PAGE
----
2 Plan will be submitted to the Department Chair prior to course development to ensure that the department has the resources (human, technical, and financial) available that are necessary to successfully implement the course. For this reason, the CCD must be approved by the faculty s Department Chair prior to actual development of the course. Once approved by the Department Chair, the faculty must attend one (1) workshop or similar training session on online teaching (only during the design period for the faculty s first online course). Once an online course has been developed, an instructional designer will conduct a pre-launch review to make sure there is alignment between the goals of the course and the delivery of the course. The instructional designer will provide recommendations regarding usage of technology and pedagogy that take into consideration best practices and common standards for online teaching. The instructional designer will also review the accessibility of the course, faculty-student and student-student interaction, general organization and set-up of the course, and clarity of instructional text. If an instructional designer is involved during the development process, the pre-launch review should not be onerous nor should it result in any surprises. This review will be given to the faculty member and will be scheduled to be completed a minimum of two (2) weeks before the start date of the semester in which the course is to be taught online for the first time. Following the first semester of teaching each online course, the faculty will have a one-on-one debriefing meeting with an instructional designer. This will complete the CCD. Course Maintenance Ongoing course maintenance is available for approved online courses. Faculty teaching these courses can request support from Lee Freeman or from AliveTek. Support is available for instructional design, pedagogy, Canvas functionality, and technical set-up. Faculty are encouraged to do as much of the course maintenance work as possible and to only utilize AliveTek for work they can not do themselves. Faculty wishing to incorporate online components and tools into their classroom courses will be responsible for this development and maintenance. Training is available to help faculty learn how to do these tasks and to maintain their courses, regardless of the level of technology usage within these classroom courses. Canvas Helpdesk The Canvas Helpdesk is available for all courses (online and classroom), all faculty, and all students for troubleshooting and technical support. The Canvas Helpdesk can be reached from within the Help menu in Canvas, and from the links and contact information provided at Quality Management Pedagogical s All online courses should strive to achieve pedagogical standards 1 (developed based on the Quality Matters 2 rubric) in the following categories: Course Overview and Introduction, Assessment and Measurement, Resources and Materials, Learner Interaction, Course Technology, and Accessibility. The full set of standards, three in each category, can be found in Appendix B. 1 These standards provide an overall guideline for pedagogical quality in online learning. Each course and each standard will be viewed holistically across the entire set of standards and courses not every course will incorporate every standard, and not every standard will be fully realized in every course. 2 The Quality Matters TM program ( is sponsored by MarylandOnline, and was supported in part by the Fund for the Improvement of Postsecondary Education (FIPSE), U.S. Department of Education. 2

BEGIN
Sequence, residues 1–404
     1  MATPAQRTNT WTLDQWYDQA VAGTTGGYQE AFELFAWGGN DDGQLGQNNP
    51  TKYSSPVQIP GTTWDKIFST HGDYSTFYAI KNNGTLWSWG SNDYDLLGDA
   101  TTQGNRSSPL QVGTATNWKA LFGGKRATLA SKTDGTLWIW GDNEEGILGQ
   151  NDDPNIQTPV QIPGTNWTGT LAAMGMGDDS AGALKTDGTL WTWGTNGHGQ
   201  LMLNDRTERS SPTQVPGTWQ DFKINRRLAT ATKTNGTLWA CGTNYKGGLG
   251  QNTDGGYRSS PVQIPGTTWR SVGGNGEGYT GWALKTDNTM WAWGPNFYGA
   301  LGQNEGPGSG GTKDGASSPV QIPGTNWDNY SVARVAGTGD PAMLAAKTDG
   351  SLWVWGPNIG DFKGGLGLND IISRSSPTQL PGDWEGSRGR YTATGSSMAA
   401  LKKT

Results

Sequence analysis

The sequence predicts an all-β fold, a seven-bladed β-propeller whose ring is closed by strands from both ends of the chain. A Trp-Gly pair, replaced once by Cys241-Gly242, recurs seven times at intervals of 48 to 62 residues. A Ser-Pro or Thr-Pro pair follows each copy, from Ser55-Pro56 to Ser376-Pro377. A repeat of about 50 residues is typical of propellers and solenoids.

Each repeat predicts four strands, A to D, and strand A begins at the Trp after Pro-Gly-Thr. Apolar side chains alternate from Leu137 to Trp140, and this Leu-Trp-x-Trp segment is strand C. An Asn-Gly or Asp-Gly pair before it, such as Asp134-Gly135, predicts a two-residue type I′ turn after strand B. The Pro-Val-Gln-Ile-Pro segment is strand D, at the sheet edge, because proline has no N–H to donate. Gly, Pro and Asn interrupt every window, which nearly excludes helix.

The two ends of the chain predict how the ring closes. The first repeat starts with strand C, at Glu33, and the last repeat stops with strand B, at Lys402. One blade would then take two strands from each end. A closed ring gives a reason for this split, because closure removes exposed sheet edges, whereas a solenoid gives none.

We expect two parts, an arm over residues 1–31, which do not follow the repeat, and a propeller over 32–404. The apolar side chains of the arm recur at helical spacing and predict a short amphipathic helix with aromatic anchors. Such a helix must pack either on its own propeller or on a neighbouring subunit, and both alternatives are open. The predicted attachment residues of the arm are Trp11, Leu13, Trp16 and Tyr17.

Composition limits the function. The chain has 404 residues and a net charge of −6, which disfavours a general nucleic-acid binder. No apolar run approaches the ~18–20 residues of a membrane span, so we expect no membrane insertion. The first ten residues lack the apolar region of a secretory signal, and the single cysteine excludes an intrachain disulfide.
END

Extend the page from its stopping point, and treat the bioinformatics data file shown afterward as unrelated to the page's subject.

3 A regular and formal assessment of these standards will occur at a frequency and schedule to be determined, with initial measurements occurring in Fall Faculty and students will be asked to complete the assessment scale in order to provide their perceptions of the pedagogical standards. The assessment results are not a grade of the faculty or the course; they are an assessment of specific standards of online course delivery as suggested by Quality Matters. A low score on any item or in any category imply a poorly designed or poorly delivered course. Such scores may be the result of pedagogical and design decisions put in place to provide high-quality learning experiences that are specific to instructor or student needs. Ongoing Refreshes Based on a schedule to be determined (ideally once every four years), all faculty teaching online courses will work with an instructional designer to review latest pedagogical and technological best practices, review current courses being taught online, and review assessment results from any and all measurements available. This refresh meeting is not intended to judge or assess faculty. This meeting is to provide faculty with a formal update on best practices, an opportunity to review assessment data and make changes as appropriate, and an opportunity to have focused support for any needs that. Faculty are encouraged to take advantage of this time as much as possible. Constituent Surveys All students enrolled in online courses will be surveyed annually to assess their satisfaction with and perceptions of the technology, the pedagogy, and the program as a whole. All faculty teaching online courses will be surveyed annually to assess their satisfaction with and perceptions of the technology, the pedagogy, and the program as a whole. Summary reports and longitudinal data comparisons will be made available to College of Business administrators and faculty. These surveys are different from and in addition to the traditional end-of-semester course evaluations which are course-specific. Other Efforts A strong emphasis will remain on pedagogical workshops, technical training workshops, and other efforts to maintain and improve online course quality. Online enrollments will be tracked via credit hours, average section enrollments, and growth over time to ensure accurate financial models and planning. Task Summary Task Deliverable Ownership Outcome Course Course Creation Instructional Designer and Completed Document, Creation Document Faculty Training, and Review Course Maintenance Pedagogical s Regular Maintenance Course-level Surveys of Faculty and Students (Coordinated by Lee Freeman) Faculty, with AliveTek as needed (Coordinated by Lee Freeman) Chris Casey, Coordinator of Online Learning n/a Longitudinal Survey Data Refreshes Constituent Surveys Periodic Review of Best Practices and Course Design Annual Surveys of Faculty and Students Instructional Designer, working with Faculty (Coordinated by Lee Freeman) Chris Casey, Coordinator of Online Learning Faculty Awareness of Best Practices in Pedagogy and Technology Longitudinal Survey Data 3